Monday, July 20, 2015

Chocolate Espresso Chiffon Bundt Cake


I've always been a sucker for a bundt cake… I don't know why, but for some reason it feels like the shape makes it taste better. It's also a cake shape that I don't see very often, its exclusivity makes it special by default. I picked up this bundt cake pan while on holiday in Italy earlier this year, so I couldn't wait to put it to use with something deliciously decadent!


This gorgeous cake is perfect with a cup of coffee or tea and I even like it for breakfast or brunch as it isn't too terribly sweet. The texture is very light and fluffy, so it's also not too heavy to have earlier in the day. Whatever the time, it's a cake I look forward to sharing with friends while catching up. It's the kind of cake you want ton your countertop for unexpected guests and it's super easy to make.


Ingredients
280g plain flour
350g caster sugar
1 tablespoon baking powder
1 teaspoon cinnamon
2 eggs
4 egg whites (in addition to the 2 whole eggs)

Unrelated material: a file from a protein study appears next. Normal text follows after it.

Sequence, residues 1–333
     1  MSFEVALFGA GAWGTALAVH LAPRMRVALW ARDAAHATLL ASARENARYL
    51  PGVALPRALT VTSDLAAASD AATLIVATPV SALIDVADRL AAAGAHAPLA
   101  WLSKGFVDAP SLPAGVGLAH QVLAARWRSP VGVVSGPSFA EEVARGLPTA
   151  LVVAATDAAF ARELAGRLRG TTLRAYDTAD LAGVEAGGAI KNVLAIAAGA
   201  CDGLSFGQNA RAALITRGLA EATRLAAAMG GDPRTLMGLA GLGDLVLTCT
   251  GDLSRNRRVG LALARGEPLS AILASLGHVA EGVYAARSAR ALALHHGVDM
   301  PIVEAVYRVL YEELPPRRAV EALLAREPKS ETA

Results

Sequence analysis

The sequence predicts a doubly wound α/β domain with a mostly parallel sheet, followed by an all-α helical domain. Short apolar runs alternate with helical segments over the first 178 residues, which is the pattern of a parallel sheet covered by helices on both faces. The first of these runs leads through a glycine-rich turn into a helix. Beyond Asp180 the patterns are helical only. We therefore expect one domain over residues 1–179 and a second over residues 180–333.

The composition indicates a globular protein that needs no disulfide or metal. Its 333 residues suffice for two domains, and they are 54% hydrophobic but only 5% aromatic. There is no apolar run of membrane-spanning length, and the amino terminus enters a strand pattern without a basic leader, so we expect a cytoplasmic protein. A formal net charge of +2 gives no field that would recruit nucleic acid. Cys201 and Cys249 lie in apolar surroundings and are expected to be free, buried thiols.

125ml walnut oil
200ml brewed espresso coffee, at room temperature
2 tablespoons best quality cocoa powder
1 teaspoon best quality vanilla extract
1/2 teaspoon cream of tartar
Icing sugar for dusting (optional)

* Non-stick coated Bundt or Guglehupf cake pan (about 23cm or thereabouts)


Method
1. Lightly coat the inside of the cake pan with non-stick cooking spray and preheat the oven to 175°C.

2. In a medium bowl, mix the flour, sugar, baking powder and cinnamon together with a wire whisk.

3. Separate the two whole eggs and in another bowl, whisk the walnut oil, egg yolks only, espresso, cocoa powder and vanilla together until it's all smooth.

4. Fold the flour mixture into the wet mixture until well combined and set aside.

5. In another bowl, beat the 6 egg whites with a hand mixer or in the bowl of a stand mixer until frothy. Add the cream of tartar and continue beating until stiff peaks form.

6. Slowly and gently, fold the egg whites into the batter until well mixed. Be very careful to maintain as much of the fluffiness of the egg whites as possible.

7. Pour the batter into the cake pan and bake for 45 minutes to an hour (oven times may vary) until a dry spaghetti noodle inserted into the center comes out clean.

8. Leave the cake in its pan to cool for about 20 − 30 minutes. Then invert onto a serving plate and flip over, leaving the tin in tact until the cake is completely cooled.

9. When the cake is completely cooled, run a butter knife around the bottom edge of the tin to loosen the edges before attempting to lift the pan off the cake. Do this with caution. To serve, dust the cake with icing sugar. 
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